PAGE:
05-13-08, 08:27 PM #1
Outpace locusts via harvesting?
It's my understanding that the various species of locusts considered "plagues" are actually edible themselves. I wonder if it's possible to harvest enough of them to make a significant impact on the overall swarm? Seems like it would be relatively easy to collect huge bales, and use them for food.
05-15-08, 03:50 AM #2
And cows can't eat them.
05-15-08, 06:40 AM #3
05-15-08, 08:52 AM #4
I googled it the other day when I posted this, and there was mention of "nets" being used.
Thing is --- I don't think the method of catching them would be an issue if it suddenly became profitable to harvest locusts (BTW - yes I know I'm making a bit of a leap in assuming "profit"). If I owned a locust-processing-plant, I could offer the usual "per pound" kinda thing, and people would suddenly appear out of the woodwork bringing as many bales as is possible to carry. They will worry about the "how" part, and I will give them a few conditions (example - they need to be fresh as possible [alive], not contaminated with pesticides, etc).
05-15-08, 10:49 AM #5
It would be easiest to simply breed them myself, but more expensive on my end since I have to worry about feeding and raising them to the desired size. Collecting from the existing swarms is bound to be cheaper. I guess there would be added incentive from farmers (who may participate in order to compensate for losses whenever their crops are damaged) or locals who simply wanted to make money.
05-15-08, 02:49 PM #6
Chitinous body parts make large scale mechanical processing difficult. The swarms are very mobile and localized - the harvesting equipment would have to chase them all over the country. The abundance is very much boom and bust - so the overhead cost would have to be made up in widely spaced years of good harvests.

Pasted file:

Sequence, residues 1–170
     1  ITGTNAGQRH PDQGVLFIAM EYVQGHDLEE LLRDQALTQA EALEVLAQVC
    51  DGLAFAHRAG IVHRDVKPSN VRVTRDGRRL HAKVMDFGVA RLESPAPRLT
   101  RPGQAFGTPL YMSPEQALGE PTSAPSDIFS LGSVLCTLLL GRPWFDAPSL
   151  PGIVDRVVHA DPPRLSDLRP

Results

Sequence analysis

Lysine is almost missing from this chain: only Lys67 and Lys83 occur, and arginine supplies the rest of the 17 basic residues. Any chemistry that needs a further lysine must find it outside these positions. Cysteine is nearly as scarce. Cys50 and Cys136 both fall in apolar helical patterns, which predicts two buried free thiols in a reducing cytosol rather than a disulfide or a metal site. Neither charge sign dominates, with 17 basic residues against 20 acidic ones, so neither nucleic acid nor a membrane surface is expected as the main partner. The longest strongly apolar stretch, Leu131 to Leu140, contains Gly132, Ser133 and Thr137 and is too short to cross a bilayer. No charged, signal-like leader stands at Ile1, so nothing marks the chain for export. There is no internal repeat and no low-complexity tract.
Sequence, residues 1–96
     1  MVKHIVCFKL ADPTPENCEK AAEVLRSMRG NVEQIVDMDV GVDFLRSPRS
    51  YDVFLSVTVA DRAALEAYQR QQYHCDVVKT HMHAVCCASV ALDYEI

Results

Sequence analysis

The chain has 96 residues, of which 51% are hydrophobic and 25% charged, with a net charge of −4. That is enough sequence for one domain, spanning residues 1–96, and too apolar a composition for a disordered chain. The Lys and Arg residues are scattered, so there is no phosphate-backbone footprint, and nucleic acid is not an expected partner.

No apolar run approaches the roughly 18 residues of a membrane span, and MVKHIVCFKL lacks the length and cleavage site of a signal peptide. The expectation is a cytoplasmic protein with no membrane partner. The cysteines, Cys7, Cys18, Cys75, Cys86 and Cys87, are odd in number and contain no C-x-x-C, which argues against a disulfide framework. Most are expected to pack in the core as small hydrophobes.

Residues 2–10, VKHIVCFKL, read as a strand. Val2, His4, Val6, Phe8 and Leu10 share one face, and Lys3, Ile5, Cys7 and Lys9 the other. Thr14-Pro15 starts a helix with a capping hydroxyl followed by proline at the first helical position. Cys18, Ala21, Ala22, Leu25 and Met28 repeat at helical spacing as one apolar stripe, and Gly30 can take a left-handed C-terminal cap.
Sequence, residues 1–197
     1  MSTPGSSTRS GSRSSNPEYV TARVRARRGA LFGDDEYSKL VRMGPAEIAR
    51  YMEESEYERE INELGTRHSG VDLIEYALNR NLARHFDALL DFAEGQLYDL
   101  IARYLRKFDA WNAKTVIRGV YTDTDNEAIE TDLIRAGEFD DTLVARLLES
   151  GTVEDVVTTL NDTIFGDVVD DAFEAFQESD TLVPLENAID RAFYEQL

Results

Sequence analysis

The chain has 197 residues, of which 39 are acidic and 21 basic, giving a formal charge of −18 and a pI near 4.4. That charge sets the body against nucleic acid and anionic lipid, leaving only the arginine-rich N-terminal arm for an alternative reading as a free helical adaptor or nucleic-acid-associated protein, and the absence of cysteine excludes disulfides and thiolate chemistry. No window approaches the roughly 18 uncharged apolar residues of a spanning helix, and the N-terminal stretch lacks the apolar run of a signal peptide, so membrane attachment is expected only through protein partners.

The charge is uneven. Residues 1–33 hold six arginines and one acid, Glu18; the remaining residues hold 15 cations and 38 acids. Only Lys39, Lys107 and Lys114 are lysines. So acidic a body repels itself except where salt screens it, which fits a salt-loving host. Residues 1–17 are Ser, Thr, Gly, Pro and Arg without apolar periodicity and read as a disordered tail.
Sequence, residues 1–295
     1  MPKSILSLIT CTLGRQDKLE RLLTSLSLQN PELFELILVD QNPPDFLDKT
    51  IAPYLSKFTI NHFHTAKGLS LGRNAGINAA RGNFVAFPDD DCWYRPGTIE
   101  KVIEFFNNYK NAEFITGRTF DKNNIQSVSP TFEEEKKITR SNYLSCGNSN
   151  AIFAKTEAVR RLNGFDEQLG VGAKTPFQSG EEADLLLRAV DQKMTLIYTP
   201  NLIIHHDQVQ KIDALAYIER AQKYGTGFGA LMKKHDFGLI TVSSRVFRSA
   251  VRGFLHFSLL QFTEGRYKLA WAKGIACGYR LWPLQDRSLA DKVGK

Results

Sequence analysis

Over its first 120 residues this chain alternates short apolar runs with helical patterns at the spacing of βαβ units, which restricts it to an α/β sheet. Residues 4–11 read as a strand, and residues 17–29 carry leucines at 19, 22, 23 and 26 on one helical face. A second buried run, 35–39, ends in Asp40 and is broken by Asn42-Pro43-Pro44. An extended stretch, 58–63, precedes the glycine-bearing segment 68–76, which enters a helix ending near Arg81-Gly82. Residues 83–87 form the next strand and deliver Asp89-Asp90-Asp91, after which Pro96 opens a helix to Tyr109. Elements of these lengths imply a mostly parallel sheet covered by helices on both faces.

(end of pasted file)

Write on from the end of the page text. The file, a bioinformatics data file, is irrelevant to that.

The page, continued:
The net result would be something like a sardine catch, maybe - if sardines had spiny, elaborate shells, and only schooled every third year or so in a different part of the ocean - so you had to spot them and be very mobile and fast with your harvesting gear.
The only thing I know of that's harvested like that is brine shrimp from Utah's Great Salt Lake. But probably something else in the ocean is - squid?
My approach, if the swarm came to my farm, would be to net them en masse and boil them down - maybe the chitin bits would float, or sink, or something. If that worked, the paste could possible be eaten somehow, or fermented or salted or the like. The model would be oil fish paste and sauce, tofu, etc.
I doubt it would come close to making up for the loss of forage and crops.
I didnt know locusts devastate grass.
05-15-08, 02:58 PM #7
I have this awesome idea...why not genetically introduce a locust that lacks wings into a population...
05-21-08, 09:20 PM #8
05-21-08, 10:56 PM #9
A practical issue
A practical consideration strikes me:
A desert locust swarm can be 460 square miles (1,200 square kilometers) in size and pack between 40 and 80 million locusts into less than half a square mile (one square kilometer). (National Geographic)
While it might, in the end, "be relatively easy to collect huge bales", at what scale would we start to make a dent in the population and effect?
"Locust". NationalGeographic.com. Viewed May 21, 2008. http://animals.nationalgeographic.co...gs/locust.html
05-22-08, 08:25 AM #10
I was originally going to say that it would be up to the community to figure out how to bring them to me, but for such an extended migratory range it would be unreasonable. They couldn't simply bag them up, and haul them hundreds of miles to my plant.
I believe there are also issues with locusts becoming "cannibalistic", and I could only imagine collectors bringing sub-standard locusts after making long trips.
It would be best to set up multiple "plants" around affected countries, and establish local staff that can be scrambled at a moments notice.
The exoskeleton problem may or may not be
complicatedexpensive -- they are certainly small intricate little critters , but it seems reasonable that machines or an assembly line could be created capable of doing whatever preparation (IE - removal of unpalatable parts; transformation into "product model").
I guess it would be valuable to note the weight of one locust, and multiply that number to achieve a "pound".......then figure out how much a locust swarm would weigh. This is not to say that the entire swarm would be harvested, just usable numbers when considering collection ratios.
By Orleander in forum Earth ScienceLast Post: 01-05-08, 03:30 PMReplies: 138